By Ken Dilanian
Los Angeles Times
WASHINGTON: Dominik Neubauer stared into the camera, the steel barrel of an assault rifle pointed at his head.
A Yemeni “tribe” had taken him hostage, the 26-year-old Austrian student said in English, a tear rolling down his left cheek. If they aren’t paid a ransom, he continued, “they will kill me seven days after this video is published.”
In May, three months after the video appeared on YouTube, Neubauer was freed along with a Finnish couple who had also been kidnapped near an Arabic language school in Sanaa, Yemen’s capital. Multimillion-dollar ransoms were paid for their release, Yemeni and Western officials said.
The three were seized not by a tribe but by al-Qaida in the Arabian Peninsula, the officials said — the group that has been trying for years to blow up U.S. airliners and overthrow the Western-backed government in Yemen. The ransoms went into the group’s coffers, the officials said.
Over the last two years, AQAP, as Western officials refer to the group, has extorted $20 million in ransom money, according to an estimate by Alistair Burt, who until this month was the top British diplomatic official for the Middle East.
If those payments continue, “AQAP’s attack capability in Yemen and against its friends and neighbors will only strengthen,” he said at a recent diplomatic meeting in New York. Kidnapping has become the group’s single largest source of funds, U.S. and European officials say.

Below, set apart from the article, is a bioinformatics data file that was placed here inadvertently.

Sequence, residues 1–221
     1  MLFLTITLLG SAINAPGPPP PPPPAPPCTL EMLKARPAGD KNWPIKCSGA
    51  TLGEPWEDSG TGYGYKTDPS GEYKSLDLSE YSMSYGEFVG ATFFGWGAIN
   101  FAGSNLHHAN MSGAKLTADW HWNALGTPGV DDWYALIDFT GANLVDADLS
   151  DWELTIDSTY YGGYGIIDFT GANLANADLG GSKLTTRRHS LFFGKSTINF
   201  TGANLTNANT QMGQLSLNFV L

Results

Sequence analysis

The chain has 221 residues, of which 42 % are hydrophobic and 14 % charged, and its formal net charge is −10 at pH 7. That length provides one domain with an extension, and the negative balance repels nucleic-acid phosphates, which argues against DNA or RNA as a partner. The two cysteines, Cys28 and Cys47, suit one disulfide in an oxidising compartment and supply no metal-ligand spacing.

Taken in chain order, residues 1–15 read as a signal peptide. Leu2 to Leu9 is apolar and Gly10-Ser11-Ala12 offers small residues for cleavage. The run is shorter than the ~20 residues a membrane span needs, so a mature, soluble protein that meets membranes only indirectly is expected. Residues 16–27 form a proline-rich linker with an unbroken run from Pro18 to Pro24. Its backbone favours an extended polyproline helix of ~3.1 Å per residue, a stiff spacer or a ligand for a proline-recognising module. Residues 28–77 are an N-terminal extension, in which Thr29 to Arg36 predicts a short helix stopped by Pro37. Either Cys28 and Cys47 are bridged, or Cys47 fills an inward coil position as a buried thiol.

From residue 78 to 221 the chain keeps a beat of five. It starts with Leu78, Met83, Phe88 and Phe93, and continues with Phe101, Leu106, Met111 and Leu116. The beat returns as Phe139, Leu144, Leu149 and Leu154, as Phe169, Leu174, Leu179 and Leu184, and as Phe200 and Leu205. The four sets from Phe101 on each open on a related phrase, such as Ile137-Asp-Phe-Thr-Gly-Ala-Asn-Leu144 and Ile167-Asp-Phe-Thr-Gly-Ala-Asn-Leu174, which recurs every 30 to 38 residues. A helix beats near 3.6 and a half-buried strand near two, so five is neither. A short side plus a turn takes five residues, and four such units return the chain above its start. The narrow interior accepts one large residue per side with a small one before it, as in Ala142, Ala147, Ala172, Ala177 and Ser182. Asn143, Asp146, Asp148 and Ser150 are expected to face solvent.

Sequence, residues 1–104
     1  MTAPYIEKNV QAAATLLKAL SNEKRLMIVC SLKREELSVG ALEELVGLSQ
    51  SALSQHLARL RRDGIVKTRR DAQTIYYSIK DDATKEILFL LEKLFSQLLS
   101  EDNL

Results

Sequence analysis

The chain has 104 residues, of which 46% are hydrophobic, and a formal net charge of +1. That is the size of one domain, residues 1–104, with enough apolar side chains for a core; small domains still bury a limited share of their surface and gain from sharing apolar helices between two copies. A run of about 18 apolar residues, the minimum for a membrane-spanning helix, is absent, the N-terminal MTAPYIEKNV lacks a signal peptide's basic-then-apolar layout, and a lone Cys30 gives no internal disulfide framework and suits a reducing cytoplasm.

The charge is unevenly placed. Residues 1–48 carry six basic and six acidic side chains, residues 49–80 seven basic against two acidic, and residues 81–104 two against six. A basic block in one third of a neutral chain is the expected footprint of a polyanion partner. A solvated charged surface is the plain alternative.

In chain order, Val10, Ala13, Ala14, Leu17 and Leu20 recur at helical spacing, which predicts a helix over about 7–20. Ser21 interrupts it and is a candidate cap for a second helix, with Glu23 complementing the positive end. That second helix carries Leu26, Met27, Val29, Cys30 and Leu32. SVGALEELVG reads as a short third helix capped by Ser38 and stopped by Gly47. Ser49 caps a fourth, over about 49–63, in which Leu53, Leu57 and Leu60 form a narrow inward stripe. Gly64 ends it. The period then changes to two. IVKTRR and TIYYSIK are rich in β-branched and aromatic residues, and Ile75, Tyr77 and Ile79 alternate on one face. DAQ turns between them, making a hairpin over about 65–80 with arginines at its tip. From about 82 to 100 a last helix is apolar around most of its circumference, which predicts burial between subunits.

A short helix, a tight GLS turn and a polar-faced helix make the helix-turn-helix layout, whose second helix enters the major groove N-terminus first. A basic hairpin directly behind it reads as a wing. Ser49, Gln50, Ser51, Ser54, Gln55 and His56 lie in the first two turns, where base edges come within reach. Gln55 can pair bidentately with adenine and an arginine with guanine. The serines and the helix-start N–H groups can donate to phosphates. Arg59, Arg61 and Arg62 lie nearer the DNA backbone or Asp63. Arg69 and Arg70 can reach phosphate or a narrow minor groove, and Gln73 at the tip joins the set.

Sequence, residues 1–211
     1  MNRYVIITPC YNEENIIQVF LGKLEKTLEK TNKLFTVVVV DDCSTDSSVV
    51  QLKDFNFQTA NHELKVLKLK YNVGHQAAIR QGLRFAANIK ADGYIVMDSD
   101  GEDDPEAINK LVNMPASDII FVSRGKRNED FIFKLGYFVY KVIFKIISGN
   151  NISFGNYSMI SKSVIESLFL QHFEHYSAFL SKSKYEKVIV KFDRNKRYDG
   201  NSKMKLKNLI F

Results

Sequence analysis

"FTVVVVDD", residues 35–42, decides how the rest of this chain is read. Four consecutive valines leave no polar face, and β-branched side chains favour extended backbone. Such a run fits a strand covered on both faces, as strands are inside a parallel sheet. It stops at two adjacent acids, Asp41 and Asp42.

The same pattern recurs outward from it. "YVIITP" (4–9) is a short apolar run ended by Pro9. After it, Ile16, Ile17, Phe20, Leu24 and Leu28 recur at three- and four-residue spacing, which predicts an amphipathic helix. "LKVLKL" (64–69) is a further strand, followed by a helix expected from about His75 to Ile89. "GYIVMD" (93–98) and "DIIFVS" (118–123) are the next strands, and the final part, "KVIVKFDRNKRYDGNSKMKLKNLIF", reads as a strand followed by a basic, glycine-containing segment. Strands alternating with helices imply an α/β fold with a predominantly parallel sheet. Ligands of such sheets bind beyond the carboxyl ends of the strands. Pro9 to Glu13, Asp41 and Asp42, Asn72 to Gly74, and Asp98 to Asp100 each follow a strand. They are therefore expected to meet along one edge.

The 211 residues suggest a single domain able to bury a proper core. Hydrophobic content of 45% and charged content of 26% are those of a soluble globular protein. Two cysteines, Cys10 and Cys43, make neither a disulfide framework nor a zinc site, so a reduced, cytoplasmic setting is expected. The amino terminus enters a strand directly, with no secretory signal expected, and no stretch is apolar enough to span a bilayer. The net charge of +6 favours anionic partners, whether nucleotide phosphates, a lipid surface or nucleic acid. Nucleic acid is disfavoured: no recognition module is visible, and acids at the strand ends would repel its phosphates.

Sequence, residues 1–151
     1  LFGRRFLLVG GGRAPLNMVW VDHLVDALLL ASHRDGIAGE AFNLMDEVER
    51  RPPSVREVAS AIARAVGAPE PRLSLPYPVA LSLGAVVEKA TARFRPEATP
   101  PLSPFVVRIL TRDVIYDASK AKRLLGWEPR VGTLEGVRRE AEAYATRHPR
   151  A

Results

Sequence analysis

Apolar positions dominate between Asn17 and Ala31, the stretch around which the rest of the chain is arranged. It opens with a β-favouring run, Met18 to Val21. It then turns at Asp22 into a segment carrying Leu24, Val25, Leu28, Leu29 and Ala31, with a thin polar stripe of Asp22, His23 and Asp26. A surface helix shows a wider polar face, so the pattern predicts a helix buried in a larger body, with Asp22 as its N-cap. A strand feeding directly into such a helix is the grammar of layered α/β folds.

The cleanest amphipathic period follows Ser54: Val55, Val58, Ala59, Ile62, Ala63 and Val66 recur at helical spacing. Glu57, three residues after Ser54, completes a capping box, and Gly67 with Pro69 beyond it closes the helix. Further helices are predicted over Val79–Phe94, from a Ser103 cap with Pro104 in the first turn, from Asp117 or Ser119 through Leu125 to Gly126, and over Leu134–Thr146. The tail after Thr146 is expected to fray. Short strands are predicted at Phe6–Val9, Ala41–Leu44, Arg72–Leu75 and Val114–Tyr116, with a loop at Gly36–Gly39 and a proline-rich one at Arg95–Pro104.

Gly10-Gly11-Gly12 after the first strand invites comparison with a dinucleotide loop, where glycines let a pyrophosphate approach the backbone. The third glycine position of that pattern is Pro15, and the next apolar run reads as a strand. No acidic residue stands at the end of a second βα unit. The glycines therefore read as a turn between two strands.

Much of the money comes with the complicity of Western governments that have rebuffed British and American exhortations not to pay ransoms, the officials allege. The governments of Finland and Austria said they did not provide ransom money to terrorists. But two Western officials, speaking on condition of anonymity to avoid publicly criticizing allied governments, said that those denials are for public consumption and that the size of the ransoms shows government involvement.
The al-Qaida affiliate’s leader, Naser Abdel-Karim Wahishi, boasted of the money his organization brings in through kidnappings in a May 2012 letter to leaders of an allied group in North Africa. The document was found by Associated Press reporters in Mali.
“Kidnapping hostages is an easy spoil, which I may describe as a profitable trade and a precious treasure,” the letter said.
“Thanks to Allah, most of the battle costs, if not all, were paid from through the spoils,” the letter said.
Ransom money helped fund the group’s 2011 effort to seize and hold towns in southern Yemen, U.S. and European officials say.
Al-Qaida in the Arabian Peninsula turned to kidnapping in part because of successful Western efforts to crack down on its traditional funding sources, including money transfers from wealthy Persian Gulf Arabs, U.S. intelligence officials say.